1. What device are you using to view the class?
  2. Is your sound loud enough to hear the music played and myself?
  3. Could you possibly create physical boundaries so that your child has a specific space during class?
  4. Do you have your instruments (i.e. shakers, sticks, scarves, etc.) ready to use?
  5. Could you please stay in this area with your child and be present so that your participation is the in-person model for them during the lesson?

These are just a few of the questions I ask to establish the form for my “Interaction Symphony”.  If parents do not believe that their child is engaged, they begin to ponder if or not their continuation is necessary and valuable. Therefore, it is my responsibility to make sure that they are ready for success by helping them to understand how to assist me in this journey. They have become the in-person interaction model instead of me. The symphony has increased to another level of complexity. I love helping them to learn how they can become an active participant in this “Interaction Symphony” virtually! They are a key player! What a pleasure to help them understand that together we are making an incredible impact in their child’s life!

 What things do you think are lost or gained from an in-person classroom setting to an online format?

Dr. Joy: A common topic for music educators has always been how to effectively compete with those offering other children’s programming. Understanding the research regarding the importance of music for brain development and mental well-being makes this crystal clear to our profession. During in-person classes, evidence was seen weekly. However, moving to an online format significantly decreases these moments not to mention the side conversations before or after class with parents or between parents reinforcing these impressionable moments. This is a loss.

Energy and inspiration is generated for me when I am with children! I just love being with people. Positive and fun conversations are quite enjoyable! Even sharing the troubling and sad moments add depth to our relationship and increase our trust in one another.  While I embrace the role of an educator and entertainer in this online platform, many may find this new reality uncomfortable for various reasons.

The hugs after an accomplished “ba-ba-ba” or “sol-mi-do” is priceless. This is just one of the pieces that I, personally, am missing greatly! If I feel this void, what are the children experiencing? From the beginning of our pandemic, this is one of the many thoughts that has weighed very heavy on my mind and heart. Whether in-person or online, I am extremely intentional in communicating how much I love my children, how proud I am of them for anything that is accomplished, and how thrilled I will be to celebrate with them in-person as soon as we are able. Any life experience can have losses or gains. We, the believers and advocators, must find a way to move forward and continue the making music with our children.

Do you feel like once it is safe to do so, that you will go back to in-person classes only, continue with online only, or a mixture of both? Why?

Dr. Joy: South Florida Music will definitely offer in-person classes when we believe all will be safe to do so. We will also offer a component of online programming as well. While we believe strongly in the value of in-person classes, we also know that this pandemic has shifted the paradigm of education delivery. For this reason, as well as the safety concerns raised by parents and staff, we will need to accommodate both.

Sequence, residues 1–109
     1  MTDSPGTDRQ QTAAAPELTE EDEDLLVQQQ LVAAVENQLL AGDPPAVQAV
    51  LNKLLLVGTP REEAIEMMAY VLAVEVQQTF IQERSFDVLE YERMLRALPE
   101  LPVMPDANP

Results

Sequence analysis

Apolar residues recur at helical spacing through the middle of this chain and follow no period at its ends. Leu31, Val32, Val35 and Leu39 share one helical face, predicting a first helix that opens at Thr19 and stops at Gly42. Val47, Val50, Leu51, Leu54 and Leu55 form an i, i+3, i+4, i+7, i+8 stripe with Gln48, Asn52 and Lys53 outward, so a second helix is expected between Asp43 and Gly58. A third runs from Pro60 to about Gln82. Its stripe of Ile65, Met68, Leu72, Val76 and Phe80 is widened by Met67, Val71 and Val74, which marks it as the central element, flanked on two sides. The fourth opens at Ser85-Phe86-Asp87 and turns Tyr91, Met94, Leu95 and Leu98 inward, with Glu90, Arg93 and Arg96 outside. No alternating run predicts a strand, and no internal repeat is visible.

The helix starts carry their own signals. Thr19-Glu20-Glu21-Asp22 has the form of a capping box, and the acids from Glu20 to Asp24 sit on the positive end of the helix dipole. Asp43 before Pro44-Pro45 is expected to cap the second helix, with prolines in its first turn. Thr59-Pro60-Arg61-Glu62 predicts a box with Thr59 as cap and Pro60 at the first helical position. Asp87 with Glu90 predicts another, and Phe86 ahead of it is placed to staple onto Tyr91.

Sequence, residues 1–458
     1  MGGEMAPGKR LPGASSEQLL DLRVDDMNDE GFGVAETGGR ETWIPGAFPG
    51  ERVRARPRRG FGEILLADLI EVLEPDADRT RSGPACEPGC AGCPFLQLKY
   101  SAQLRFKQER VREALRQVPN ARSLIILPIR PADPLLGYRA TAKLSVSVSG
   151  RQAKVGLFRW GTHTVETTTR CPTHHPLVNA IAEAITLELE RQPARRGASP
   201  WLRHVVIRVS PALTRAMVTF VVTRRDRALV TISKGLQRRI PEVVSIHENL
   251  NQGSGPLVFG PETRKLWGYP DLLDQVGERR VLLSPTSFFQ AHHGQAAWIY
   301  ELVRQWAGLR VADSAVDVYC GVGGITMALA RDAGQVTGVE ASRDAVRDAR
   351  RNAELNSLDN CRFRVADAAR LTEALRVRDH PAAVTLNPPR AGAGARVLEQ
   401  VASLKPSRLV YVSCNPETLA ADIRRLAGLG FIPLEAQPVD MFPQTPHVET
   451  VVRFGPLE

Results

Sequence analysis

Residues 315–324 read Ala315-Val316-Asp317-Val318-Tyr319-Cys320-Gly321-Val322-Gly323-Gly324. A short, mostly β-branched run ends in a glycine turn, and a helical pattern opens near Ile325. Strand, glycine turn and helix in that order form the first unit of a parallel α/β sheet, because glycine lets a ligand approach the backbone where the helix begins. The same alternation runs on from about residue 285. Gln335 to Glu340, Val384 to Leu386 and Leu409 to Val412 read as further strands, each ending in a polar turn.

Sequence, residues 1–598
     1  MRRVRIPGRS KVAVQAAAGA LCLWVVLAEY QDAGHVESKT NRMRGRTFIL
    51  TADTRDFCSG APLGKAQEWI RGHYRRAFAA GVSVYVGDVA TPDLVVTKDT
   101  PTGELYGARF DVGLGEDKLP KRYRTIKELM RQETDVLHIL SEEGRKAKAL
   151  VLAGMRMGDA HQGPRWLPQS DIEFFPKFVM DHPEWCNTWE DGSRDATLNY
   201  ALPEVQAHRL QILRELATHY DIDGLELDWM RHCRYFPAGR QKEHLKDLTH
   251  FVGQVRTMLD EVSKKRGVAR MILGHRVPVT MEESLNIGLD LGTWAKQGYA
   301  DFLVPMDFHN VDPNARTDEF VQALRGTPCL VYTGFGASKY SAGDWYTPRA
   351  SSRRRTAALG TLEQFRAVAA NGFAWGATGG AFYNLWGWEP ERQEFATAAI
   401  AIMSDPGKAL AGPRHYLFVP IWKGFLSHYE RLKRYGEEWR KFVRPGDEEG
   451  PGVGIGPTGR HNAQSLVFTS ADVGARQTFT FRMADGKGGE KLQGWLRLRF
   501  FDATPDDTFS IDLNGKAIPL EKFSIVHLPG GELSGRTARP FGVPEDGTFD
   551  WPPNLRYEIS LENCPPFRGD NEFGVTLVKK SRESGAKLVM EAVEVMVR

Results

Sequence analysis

We would like to thank Dr. Galliford, as well as the other participants, in this series. Their unique and experienced perspectives help Musikgarten to provide a supportive community of children’s music educators and business owners who are working towards the same goal of instilling the gift of music into young minds and hearts.

Dr. Joy Galliford, Ph. D., is the Director of Development and an Instructor for South Florida Music and the Executive Director for the Friends of South Florida Music Foundation. She received the prestigious 2010 Florida College Music Educator of the Year Award from the Florida Music Educators Association, and is a nominee for the 2019 Children’s Trust David Lawrence Jr. Champion for Children Award. To find out more about Dr. Galliford and her studio(s), click here.

Virtual Children’s Music Classes – A Teachers Prospective – Part 3

This is our second teacher spotlight in our blog series about virtual teaching early childhood music in the wake of Covid-19. Today, we interview Anthony Williams, Director of the Early Childhood Music School in Williamsburg, VA., and certified Musikgarten teacher.

Thank you so much for agreeing to this interview. Tell us a little bit about your experience teaching the Musikgarten curriculum?

Anthony: Our program was established in 1989 by Cindy L. Freeman and we recently celebrated our 30th school year! This year will be my 4th year teaching Musikgarten classes. I have worked with all keyboard levels, Around the World, Cycle of Seasons, and the Family Music for Toddler series – Sing (Play, Clap, Dance) with Me. However, I would say I spend most of my time teaching the various keyboard levels.

Please share with us how you came about offering Musikgarten classes online, and what influenced that decision?

Anthony: Like many of us, our program was forced to stop in person classes – so the pivot to online classes was a must. Our school staff has leaned on a shared Google drive for years to help teachers find resources for lessons, well written home assignments, and much more. Since we had to pivot to an online platform we built from what we had, creating Google classrooms for each level and providing a shared folder for those enrolled in the class.

Did you offer in-person Musikgarten classes before the pandemic? Did you have previous experience with an online video “production”?